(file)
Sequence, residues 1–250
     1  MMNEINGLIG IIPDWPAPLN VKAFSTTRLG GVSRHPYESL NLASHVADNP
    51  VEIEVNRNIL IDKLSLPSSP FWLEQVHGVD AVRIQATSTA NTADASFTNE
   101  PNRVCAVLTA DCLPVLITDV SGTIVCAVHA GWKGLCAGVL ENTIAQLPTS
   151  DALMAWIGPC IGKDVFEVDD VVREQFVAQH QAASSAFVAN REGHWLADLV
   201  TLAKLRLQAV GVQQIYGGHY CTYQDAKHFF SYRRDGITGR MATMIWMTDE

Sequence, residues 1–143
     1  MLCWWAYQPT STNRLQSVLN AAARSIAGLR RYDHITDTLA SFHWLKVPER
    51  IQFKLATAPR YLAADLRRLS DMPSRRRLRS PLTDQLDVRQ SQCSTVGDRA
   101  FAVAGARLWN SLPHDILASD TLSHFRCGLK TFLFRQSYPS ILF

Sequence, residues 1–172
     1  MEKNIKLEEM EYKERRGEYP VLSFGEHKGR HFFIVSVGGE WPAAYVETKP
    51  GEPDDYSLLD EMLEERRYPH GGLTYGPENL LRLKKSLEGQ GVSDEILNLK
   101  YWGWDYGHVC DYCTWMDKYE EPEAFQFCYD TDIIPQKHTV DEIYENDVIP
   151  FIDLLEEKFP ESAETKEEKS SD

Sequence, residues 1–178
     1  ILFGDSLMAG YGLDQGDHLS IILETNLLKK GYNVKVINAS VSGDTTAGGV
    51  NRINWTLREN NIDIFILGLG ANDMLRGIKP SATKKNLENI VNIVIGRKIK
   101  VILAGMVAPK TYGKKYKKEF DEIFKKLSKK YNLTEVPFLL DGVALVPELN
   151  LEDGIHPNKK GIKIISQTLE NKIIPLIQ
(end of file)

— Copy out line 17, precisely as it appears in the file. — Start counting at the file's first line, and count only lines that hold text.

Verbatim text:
     1  ILFGDSLMAG YGLDQGDHLS IILETNLLKK GYNVKVINAS VSGDTTAGGV